IS or not IS.

Discussion in 'Casual Photo Conversations' started by Nick D., Dec 12, 2017.

  1. The term, "spin up," may refer to a time early in the history of IS when Canon and Nikon used gyroscopes as accelerometers. Not only did it take time to bring them to speed, but they tend to precess, rendering the image somewhat unstable in the absence of motion. There were also "inertial" sensors which vibrated like tuning forks and were sensitive to motion outside the plane of vibration. Modern accelerometers are based on inertia of a fixed mass, measured by force transducers. These sensors are inherently stable and free from precession effects.
  2. How I wish for the option to automatically turn off VR when the shutter speed is faster than 1/focal length (or any other option I might choose like 1/2*focal length, 1/3*focal length, or a fixed shutter speed) and then engage again when the shutter speed becomes longer than that set point.

    I seem to recall having seen shots that had a weird background rendering allegedly caused by the VR working while using a "too fast" shutter speed (might even have been here on PN) but from what I recall it was not necessarily visible in every shot taken with the same set of parameters. More like a "bad luck" kind of thing.

    Nikon's various VR modes are poorly documented and one gains experience what works and what doesn't by trial and error. With some lenses, especially when panning with a relatively slow shutter speed of 1/125-1/200 when photographing propeller planes flying by, VR operation can cause a lot of images to be just slightly soft/blurry (of course, operator's lack of competence in panning just aggravates the issue).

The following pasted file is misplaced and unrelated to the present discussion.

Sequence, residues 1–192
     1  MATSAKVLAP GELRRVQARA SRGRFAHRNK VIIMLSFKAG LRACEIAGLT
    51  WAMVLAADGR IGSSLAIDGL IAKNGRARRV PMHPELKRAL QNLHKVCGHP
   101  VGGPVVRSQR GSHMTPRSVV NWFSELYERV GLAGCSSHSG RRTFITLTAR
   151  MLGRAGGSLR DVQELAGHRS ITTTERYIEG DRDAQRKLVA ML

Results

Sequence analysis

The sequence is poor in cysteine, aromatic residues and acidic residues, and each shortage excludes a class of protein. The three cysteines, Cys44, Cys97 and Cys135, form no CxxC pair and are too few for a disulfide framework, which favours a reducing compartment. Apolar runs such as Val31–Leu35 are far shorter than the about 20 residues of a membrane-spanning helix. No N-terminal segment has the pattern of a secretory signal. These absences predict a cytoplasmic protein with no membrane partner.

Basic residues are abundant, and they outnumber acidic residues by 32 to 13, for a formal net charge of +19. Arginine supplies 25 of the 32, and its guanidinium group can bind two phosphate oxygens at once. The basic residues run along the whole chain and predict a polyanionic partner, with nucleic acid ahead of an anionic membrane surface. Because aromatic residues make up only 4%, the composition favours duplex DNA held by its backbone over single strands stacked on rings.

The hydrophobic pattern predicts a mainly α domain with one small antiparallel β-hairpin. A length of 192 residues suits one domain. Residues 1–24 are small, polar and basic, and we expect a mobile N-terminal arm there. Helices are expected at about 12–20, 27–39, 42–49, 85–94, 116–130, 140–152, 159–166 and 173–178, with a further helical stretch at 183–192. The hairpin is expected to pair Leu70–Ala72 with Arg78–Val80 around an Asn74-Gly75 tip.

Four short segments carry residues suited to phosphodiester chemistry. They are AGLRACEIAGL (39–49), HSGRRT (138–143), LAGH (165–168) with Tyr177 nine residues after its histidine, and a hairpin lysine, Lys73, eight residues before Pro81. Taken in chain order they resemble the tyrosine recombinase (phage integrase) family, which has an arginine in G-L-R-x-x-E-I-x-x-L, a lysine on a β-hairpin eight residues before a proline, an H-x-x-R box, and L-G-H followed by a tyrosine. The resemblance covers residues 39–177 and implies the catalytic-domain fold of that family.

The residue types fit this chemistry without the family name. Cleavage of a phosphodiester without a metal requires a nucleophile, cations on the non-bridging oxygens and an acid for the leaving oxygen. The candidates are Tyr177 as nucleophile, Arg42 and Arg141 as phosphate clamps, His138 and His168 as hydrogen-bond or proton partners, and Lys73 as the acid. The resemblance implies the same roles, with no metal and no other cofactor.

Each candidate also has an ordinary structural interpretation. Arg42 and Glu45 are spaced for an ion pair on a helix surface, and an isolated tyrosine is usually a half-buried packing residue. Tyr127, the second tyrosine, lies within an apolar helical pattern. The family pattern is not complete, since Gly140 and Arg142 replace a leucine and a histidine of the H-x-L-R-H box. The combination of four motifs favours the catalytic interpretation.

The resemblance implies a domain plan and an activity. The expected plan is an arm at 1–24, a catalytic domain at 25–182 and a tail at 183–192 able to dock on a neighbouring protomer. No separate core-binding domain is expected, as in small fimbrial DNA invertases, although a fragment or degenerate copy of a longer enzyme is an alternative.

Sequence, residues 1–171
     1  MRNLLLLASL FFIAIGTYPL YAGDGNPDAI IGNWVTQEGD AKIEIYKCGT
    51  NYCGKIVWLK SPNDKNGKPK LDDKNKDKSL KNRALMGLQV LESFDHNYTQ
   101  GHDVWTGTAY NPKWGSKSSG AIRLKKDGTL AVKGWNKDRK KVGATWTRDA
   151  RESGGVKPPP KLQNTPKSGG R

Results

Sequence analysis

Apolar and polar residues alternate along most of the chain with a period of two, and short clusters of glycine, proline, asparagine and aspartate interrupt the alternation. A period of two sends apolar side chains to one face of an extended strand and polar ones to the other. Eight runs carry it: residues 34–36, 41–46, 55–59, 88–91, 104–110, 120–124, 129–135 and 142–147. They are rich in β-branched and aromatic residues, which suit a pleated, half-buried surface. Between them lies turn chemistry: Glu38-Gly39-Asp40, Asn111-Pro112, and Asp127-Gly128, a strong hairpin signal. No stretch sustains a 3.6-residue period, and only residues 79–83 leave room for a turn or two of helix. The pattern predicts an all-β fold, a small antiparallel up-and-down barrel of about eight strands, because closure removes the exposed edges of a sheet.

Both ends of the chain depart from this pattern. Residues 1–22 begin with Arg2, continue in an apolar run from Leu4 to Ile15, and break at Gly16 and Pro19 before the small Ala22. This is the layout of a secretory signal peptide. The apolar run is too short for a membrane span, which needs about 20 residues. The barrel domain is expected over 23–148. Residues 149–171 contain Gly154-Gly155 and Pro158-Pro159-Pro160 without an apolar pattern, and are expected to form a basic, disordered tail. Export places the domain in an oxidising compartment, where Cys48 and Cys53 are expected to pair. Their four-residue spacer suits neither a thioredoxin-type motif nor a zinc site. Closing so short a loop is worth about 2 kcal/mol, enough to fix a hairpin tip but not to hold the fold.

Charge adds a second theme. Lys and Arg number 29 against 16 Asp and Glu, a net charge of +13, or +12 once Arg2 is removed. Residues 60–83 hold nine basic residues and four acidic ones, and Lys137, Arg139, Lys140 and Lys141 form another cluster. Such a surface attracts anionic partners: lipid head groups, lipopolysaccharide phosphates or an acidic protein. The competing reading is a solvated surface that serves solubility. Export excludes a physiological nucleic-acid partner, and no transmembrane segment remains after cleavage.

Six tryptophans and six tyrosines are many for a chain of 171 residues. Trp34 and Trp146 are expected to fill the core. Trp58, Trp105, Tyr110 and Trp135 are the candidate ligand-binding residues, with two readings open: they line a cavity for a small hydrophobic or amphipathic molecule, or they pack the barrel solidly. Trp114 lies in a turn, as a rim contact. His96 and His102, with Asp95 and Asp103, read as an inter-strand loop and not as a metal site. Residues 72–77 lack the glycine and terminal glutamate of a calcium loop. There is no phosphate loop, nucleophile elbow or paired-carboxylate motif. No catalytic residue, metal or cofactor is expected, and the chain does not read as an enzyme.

Last edited: Dec 20, 2017
  3. Ed, "spin up" is not a technical term, but it does accurately describe what I sense as my EF 500mm f/4L IS II USM gets ready for action. It's by no means instantaneous. If you mount the rig on a big, steady tripod (Arca-Swiss/Wimberley head and Induro's heaviest), then turn on the IS, you'll see momentary movement of the image and then stabilization. I'd guess the time from actuation to steadiness is 1/4 to 1/2-sec.
  4. Even if you use an accelerometer, there is noise in the data and the corrective action is affected by this noise. If the desire is for a more accurate reading of acceleration, this probably involves a longer reading time and so the corrective action is also delayed relative to the original movement. This kind of thing will never perfectly compensate all the shake, it involves a noisy measurement and some kind of prediction or estimation of what the optimal corrective action is. So on a tripod if you have a perfectly solid tripod it makes sense to turn VR/IS off. If the focal length is very long (say, 500mm or 800mm) then likely there will be enough vibration so that the correction is more beneficial than harmful. So it makes sense to use VR with such long focal lengths even on tripod. At least for exposure times that are not very long.
  5. I find this to be true with my Canon 500/f4 II. It's easy to see in the viewfinder.

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